Feeding The Habit

"I will go in this Way, Oh but I will find my own way out." -Dave Matthews

Friday, October 15, 2004

His name was Bill

          He stood facing the last sliver of a setting sun beside a dirt road. He held the name tag clenched in his hand. Looking down he lingered over the words, mouthing them softly, “Bill Frances. Maintenance, Staff.” He let his arm drift back down then held it back, poised, like a pitcher. Bill took two shuffled steps and gave it a hardy side-armed throw. He waited and watched, determined, until it cleared far over the other side of the dirt road. The corn fields seemed to be waving at him softly in the breeze.
          They have no idea, Bill thought. It’s not like I come a dime a dozen. He walked back over to his pickup and slammed the door. The pedal sank far down and brought some satisfaction as rocks flew and pelted on the no trespassing sign. The truck pulled a nice 180 and headed back towards the main road; wind rushing in through the windows. Bill liked the way it obscured the steady click of the tires and the engine’s hum bearing down over the Metal on the radio. He fumbled with his pocket knife, fliping it open, and then back closed to pass the minutes of the drive home.
          Pulling into the suburbs, he turned the radio down. Those filthy pigs. They think they can drive all over without any care to who might be around, who might be trying to sleep. I’d show them a thing or two, Bill thought as he pulled into his driveway. Bill pushed the door shut on his blue pickup and wiped the dust off his jeans. The screeching hinges had a welcome sound that tried somewhat to soothe him. The telephone was already ringing as he opened the door. He walked slowly towards it as the ringing stopped. He picked up the receiver anyway.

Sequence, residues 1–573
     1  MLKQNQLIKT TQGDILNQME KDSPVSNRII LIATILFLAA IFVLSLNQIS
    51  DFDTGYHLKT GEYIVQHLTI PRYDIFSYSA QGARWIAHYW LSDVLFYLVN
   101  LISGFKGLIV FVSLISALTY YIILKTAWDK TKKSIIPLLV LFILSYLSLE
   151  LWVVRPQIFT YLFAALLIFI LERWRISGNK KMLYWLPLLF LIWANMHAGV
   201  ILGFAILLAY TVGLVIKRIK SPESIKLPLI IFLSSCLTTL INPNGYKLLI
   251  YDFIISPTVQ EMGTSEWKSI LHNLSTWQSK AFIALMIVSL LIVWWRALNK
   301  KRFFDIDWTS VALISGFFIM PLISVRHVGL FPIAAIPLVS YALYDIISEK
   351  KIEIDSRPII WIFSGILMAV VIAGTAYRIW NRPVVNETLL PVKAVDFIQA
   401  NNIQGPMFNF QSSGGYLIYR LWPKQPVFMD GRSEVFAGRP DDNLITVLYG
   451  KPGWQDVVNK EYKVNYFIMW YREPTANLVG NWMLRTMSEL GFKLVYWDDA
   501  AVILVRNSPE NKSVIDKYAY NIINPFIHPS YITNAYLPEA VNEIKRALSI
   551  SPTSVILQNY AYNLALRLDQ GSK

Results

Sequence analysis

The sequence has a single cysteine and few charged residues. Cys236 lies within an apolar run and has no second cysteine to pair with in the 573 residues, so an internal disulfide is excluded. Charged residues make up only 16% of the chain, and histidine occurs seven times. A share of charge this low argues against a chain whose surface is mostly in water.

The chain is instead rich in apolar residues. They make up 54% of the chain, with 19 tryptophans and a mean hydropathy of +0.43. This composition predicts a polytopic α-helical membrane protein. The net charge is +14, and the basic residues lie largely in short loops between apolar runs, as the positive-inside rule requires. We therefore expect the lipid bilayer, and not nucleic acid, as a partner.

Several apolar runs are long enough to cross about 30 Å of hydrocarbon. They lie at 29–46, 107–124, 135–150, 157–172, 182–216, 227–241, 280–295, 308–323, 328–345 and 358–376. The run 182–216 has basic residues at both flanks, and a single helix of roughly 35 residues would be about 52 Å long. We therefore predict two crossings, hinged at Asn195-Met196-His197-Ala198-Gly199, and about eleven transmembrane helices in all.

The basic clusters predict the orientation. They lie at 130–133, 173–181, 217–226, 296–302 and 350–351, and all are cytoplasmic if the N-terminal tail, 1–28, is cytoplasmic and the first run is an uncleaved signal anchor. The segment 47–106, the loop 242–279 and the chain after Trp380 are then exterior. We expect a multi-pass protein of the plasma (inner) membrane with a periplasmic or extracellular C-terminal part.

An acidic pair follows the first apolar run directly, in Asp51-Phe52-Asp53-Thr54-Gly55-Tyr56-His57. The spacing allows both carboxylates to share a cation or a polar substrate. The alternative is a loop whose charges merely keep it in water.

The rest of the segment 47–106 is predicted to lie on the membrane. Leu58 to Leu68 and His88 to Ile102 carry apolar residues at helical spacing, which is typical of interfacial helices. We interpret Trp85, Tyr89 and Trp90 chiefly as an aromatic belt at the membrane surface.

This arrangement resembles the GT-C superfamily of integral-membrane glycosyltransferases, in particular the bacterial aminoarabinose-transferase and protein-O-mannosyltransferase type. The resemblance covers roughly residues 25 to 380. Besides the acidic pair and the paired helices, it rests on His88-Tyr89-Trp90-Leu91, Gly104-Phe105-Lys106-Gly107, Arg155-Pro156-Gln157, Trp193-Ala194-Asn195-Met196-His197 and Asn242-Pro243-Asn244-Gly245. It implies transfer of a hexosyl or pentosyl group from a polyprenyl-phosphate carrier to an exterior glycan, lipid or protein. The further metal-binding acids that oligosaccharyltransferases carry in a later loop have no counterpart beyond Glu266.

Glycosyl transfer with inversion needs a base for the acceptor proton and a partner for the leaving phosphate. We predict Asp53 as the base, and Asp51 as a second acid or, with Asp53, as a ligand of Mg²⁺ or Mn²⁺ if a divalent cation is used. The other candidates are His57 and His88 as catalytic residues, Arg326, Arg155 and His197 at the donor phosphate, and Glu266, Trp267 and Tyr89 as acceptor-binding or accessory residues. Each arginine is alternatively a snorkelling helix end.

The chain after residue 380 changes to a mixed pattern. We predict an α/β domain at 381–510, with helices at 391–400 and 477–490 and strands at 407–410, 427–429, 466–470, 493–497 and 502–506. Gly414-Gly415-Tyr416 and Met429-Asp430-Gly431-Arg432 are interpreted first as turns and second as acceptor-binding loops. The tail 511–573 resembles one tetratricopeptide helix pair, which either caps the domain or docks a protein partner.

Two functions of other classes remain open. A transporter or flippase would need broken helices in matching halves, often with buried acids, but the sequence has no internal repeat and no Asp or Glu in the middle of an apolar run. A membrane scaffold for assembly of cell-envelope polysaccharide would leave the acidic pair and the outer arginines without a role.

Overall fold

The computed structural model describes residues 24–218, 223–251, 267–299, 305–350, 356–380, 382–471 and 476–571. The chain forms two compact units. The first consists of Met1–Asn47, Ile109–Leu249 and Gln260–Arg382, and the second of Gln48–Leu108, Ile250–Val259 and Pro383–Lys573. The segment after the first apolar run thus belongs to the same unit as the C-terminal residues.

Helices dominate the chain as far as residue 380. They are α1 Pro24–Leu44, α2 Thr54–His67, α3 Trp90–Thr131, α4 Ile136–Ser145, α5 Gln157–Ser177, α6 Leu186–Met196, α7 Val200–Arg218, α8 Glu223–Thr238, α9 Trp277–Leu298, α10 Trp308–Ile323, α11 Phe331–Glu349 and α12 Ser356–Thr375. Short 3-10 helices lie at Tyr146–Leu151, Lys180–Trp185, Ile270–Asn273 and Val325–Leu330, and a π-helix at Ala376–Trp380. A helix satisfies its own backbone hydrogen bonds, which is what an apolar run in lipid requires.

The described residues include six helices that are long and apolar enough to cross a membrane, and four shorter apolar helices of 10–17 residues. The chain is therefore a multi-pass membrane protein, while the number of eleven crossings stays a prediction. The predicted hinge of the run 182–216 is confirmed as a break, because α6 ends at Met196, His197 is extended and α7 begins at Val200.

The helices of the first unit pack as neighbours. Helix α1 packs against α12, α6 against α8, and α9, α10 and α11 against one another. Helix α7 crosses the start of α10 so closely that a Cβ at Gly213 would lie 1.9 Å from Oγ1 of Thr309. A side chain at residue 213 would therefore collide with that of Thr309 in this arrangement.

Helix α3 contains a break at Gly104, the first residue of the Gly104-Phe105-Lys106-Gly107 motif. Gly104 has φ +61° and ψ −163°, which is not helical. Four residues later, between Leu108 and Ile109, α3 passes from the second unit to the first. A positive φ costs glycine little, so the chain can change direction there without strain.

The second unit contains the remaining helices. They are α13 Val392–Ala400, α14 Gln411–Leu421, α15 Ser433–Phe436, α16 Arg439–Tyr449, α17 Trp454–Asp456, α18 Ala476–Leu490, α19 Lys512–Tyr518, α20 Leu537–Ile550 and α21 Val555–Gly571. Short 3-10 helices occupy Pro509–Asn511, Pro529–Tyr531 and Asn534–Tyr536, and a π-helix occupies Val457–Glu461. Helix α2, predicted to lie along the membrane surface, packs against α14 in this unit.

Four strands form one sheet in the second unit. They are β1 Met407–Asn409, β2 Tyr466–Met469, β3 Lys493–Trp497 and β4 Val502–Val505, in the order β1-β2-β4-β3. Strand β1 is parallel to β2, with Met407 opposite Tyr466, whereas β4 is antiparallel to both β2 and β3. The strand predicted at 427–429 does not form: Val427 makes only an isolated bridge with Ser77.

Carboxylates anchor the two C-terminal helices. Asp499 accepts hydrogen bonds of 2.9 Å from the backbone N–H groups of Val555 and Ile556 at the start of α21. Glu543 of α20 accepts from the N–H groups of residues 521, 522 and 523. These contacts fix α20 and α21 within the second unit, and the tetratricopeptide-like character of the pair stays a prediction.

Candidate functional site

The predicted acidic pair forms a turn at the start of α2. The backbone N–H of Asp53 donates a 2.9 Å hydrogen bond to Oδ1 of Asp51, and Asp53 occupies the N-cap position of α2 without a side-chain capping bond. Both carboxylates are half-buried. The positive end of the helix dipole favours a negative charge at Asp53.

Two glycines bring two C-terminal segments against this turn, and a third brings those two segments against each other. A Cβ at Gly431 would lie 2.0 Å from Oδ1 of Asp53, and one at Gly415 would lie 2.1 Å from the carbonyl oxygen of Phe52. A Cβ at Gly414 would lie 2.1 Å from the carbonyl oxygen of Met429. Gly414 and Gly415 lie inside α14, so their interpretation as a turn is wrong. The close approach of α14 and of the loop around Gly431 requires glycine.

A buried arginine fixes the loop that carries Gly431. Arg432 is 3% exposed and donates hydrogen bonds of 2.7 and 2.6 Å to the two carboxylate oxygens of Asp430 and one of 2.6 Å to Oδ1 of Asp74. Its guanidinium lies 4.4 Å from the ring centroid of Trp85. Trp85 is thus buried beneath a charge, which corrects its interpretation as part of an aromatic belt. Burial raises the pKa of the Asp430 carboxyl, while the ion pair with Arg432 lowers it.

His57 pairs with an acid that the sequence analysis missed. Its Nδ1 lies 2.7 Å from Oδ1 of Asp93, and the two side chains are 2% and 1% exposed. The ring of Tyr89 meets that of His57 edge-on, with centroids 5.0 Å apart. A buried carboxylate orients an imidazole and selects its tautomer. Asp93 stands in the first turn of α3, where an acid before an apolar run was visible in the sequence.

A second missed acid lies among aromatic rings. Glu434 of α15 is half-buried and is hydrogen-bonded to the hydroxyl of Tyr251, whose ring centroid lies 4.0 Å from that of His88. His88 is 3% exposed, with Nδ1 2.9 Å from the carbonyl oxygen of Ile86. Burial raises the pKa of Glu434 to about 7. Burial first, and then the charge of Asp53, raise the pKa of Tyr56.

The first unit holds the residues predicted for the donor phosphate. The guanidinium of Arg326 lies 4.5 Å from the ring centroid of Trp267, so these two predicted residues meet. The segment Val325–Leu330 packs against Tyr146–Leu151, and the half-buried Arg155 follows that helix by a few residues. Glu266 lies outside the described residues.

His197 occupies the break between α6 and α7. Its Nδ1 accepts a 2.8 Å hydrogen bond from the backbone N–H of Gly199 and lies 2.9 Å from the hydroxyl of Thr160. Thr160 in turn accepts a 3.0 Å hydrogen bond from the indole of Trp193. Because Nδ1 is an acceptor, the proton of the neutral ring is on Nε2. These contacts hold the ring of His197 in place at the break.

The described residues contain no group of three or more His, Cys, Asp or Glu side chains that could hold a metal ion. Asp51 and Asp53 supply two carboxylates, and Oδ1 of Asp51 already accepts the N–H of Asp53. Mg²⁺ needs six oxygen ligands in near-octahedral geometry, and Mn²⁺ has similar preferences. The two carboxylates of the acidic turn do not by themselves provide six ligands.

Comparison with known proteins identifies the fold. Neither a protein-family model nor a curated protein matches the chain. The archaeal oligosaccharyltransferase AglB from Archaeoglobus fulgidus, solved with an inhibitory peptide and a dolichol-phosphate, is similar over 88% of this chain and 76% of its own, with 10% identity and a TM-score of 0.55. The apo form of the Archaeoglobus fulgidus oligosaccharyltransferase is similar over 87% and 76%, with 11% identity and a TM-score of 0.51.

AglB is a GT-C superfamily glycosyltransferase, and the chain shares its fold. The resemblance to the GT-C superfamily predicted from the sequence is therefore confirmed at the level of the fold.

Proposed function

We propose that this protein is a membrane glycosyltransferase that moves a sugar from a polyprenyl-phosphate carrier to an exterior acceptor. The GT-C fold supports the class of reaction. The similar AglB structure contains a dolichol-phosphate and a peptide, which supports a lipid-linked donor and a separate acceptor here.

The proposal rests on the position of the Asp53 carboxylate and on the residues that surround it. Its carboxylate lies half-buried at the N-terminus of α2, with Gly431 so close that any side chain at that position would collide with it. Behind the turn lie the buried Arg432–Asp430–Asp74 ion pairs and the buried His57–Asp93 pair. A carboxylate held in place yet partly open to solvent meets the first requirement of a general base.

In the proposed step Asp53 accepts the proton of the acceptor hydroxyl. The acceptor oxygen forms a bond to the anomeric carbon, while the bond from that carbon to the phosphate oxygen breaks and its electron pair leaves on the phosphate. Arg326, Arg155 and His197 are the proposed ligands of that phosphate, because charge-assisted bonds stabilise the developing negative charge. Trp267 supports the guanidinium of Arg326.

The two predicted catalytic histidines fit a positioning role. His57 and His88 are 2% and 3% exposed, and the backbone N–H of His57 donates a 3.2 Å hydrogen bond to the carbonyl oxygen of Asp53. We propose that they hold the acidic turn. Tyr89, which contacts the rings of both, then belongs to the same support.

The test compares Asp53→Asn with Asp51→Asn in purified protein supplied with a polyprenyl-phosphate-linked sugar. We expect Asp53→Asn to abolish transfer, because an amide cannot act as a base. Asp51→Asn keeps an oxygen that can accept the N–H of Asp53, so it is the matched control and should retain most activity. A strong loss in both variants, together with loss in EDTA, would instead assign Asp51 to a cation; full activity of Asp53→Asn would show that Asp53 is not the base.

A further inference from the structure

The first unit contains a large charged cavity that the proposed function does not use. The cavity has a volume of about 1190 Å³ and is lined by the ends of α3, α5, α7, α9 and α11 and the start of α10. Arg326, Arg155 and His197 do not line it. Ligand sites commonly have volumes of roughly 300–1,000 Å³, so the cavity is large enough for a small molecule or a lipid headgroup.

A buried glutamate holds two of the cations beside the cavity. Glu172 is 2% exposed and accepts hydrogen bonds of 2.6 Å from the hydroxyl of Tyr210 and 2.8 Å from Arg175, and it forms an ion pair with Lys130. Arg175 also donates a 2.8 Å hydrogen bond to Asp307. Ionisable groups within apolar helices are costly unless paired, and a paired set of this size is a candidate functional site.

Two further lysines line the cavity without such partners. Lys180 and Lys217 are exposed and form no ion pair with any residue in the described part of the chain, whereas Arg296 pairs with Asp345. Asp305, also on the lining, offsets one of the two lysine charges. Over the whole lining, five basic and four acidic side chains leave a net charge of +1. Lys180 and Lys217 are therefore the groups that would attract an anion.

“Yah?” he said as he fumbled into the cabinet for a glass.
          “You weren’t at Bubba’s tonight man, what’s going on!” the voice at the other end said.
          “Just not in the mood. I’ll see you there for drinks next Friday night maybe.” The voice went on for a while about what a great game Bill had missed and how the Dolphins looked like they might make a comeback this year. Bill thought about the neon signs and how they always looked so bright against the dark sky all the way down Jefferson Street. A strip club under the guise of a sports bar was no place for a guy like him to hang out at anyway. The voice was hollering something about his birthday next week and Bill came back to the conversation. “Uhh, I don’t know,” Bill said, “I’m supposed to have dinner with the kids.” He pried the cork out of a gallon jar of wine and poured the first glass.
          “No way, just move it to the next day. Your birthday is for you!” the voice responded. Yah, maybe I will, maybe I’ll do that, Bill thought as he set the phone absently on the counter. He swirled the tumbler of wine under his nose then cleaned the glass without breaking for air. He poured another and set it on the table remembering to carry the child support check out to the mailbox. He raised the flag and slid the check in over the rest of the mail that was in there. He ignored Sally waving at him from the window next door and went back inside. When he thought about it, life was a lot like the gallon bottle of wine. He took a full gulp. It’s only worth it when someone is there to enjoy it, when someone is there to savor every sip. And sooner or later, it’s bound to be empty. Bill set the roast he thawed that morning in the crock pot. We’ll put this on slow.